female (Schering AG). The medium was MEM/HAM'S
F12 with 10% fetal calf serum. After reaching about 80%
confluency cells were treated with 6-Hydroxydopamine (6-
OHDA) at 100 microM for 8 hours.
BRABDIR03pINCYThis random primed library was constructed using RNA
isolated from diseased cerebellum tissue removed from the brain
of a 57-year-old Caucasian male who died from a cerebrovascular
accident. Serologies were negative. Patient history
included Huntington's disease, emphysema, and tobacco
abuse (3-4 packs per day for 40 years).
BRADDIR01pINCYLibrary was constructed using RNA isolated from diseased choroid
plexus tissue of the lateral ventricle, removed from the
brain of a 57-year-old Caucasian male, who died from a
cerebrovascular accident.
BRAINOT03PSPORT1Library was constructed using RNA isolated from brain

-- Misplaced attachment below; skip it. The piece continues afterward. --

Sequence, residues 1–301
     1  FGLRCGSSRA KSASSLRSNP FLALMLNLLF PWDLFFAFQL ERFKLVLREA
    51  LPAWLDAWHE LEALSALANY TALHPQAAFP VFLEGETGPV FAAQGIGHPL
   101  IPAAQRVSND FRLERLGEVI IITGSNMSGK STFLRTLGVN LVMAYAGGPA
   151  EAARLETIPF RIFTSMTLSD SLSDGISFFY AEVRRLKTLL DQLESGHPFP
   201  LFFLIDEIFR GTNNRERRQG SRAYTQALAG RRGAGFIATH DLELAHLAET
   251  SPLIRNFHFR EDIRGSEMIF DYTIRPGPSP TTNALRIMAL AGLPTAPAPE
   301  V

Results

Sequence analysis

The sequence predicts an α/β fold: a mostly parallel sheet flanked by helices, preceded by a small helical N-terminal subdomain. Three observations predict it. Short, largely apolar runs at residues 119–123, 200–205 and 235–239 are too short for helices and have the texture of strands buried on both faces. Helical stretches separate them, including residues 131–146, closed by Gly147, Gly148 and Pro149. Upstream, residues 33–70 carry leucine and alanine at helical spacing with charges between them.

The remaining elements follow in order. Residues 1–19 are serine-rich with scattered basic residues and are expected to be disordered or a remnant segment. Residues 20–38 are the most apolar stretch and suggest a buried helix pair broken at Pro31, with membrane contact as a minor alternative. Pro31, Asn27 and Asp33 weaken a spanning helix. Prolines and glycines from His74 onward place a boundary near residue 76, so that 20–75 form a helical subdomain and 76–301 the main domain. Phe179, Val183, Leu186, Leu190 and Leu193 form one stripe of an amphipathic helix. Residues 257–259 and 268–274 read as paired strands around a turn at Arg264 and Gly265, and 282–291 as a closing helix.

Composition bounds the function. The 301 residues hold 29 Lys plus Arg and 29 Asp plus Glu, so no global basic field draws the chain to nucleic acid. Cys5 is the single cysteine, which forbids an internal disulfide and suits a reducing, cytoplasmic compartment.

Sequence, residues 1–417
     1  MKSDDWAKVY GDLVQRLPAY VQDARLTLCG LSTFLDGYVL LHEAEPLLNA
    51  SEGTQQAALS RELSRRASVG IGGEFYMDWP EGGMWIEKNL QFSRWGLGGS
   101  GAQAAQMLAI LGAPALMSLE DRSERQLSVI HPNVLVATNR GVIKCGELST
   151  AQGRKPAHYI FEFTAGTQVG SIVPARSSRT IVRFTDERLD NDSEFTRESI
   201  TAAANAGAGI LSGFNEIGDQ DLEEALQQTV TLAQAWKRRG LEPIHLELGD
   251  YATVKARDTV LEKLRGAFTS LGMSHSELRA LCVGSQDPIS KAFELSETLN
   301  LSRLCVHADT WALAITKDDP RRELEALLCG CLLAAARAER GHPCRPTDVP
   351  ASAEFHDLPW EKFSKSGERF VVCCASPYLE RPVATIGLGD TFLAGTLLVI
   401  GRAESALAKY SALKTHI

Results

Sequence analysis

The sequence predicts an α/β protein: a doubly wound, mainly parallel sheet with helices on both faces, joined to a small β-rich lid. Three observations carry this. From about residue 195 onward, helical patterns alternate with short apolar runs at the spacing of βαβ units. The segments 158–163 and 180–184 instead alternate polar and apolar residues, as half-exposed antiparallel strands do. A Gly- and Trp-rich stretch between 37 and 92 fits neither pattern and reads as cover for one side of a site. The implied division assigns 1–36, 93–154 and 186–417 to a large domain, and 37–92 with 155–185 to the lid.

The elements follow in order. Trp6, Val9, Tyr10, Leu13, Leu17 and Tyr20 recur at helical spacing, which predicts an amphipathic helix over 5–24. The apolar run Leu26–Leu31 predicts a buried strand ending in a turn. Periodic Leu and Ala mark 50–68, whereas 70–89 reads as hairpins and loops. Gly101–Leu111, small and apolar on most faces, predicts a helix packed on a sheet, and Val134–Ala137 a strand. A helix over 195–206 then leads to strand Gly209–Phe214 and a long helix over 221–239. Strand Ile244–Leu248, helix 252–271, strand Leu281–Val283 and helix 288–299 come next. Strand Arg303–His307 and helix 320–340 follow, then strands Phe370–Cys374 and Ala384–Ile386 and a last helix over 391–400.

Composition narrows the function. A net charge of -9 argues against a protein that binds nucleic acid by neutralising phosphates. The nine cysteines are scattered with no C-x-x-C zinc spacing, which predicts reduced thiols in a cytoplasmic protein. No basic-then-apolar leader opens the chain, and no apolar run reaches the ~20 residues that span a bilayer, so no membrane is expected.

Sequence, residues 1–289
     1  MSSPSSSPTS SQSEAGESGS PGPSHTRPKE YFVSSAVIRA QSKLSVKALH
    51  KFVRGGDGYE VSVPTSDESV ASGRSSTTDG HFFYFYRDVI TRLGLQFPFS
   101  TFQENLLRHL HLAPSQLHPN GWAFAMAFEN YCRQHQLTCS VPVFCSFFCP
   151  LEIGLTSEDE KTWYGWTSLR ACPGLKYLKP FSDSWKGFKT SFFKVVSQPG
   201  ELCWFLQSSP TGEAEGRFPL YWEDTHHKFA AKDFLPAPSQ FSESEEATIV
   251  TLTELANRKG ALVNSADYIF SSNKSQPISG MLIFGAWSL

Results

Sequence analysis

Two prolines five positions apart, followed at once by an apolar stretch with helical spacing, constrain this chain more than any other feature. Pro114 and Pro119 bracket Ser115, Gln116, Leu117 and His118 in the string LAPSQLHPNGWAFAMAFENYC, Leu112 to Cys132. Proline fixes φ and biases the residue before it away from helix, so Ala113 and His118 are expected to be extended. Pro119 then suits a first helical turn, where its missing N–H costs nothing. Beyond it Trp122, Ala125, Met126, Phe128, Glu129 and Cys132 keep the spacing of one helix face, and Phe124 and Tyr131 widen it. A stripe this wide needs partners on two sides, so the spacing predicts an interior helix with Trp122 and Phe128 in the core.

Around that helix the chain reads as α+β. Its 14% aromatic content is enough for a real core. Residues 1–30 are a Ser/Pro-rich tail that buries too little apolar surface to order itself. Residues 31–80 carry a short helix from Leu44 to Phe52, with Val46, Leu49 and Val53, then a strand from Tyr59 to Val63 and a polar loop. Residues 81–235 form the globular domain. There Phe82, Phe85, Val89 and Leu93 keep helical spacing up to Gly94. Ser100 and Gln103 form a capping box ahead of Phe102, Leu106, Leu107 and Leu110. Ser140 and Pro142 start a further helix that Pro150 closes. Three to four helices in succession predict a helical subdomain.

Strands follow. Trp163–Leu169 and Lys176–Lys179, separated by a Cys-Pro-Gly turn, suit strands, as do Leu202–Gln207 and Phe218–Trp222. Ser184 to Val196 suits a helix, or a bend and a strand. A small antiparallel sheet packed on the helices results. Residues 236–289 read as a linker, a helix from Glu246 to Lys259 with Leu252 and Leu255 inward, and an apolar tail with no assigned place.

tissue removed from a 26-year-old Caucasian male during
cranioplasty and excision of a cerebral meningeal lesion.
Pathology for the associated tumor tissue indicated a grade 4
oligoastrocytoma in the right fronto-parietal part of the brain.
BRAINOT19pINCYLibrary was constructed using RNA isolated from diseased
brain tissue removed from the left frontal lobe of a 27-year-old
Caucasian male during a brain lobectomy. Pathology indicated
a focal deep white matter lesion, characterized by marked
gliosis, calcifications, and hemosiderin-laden macrophages,
consistent with a remote perinatal injury. This tissue also
showed mild to moderate generalized gliosis, predominantly
subpial and subcortical, consistent with chronic seizure
disorder. The left temporal lobe, including the mesial temporal
structures, showed focal, marked pyramidal cell loss and
gliosis in hippocampal sector CA1, consistent with mesial
temporal sclerosis. GFAP was positive for astrocytes. The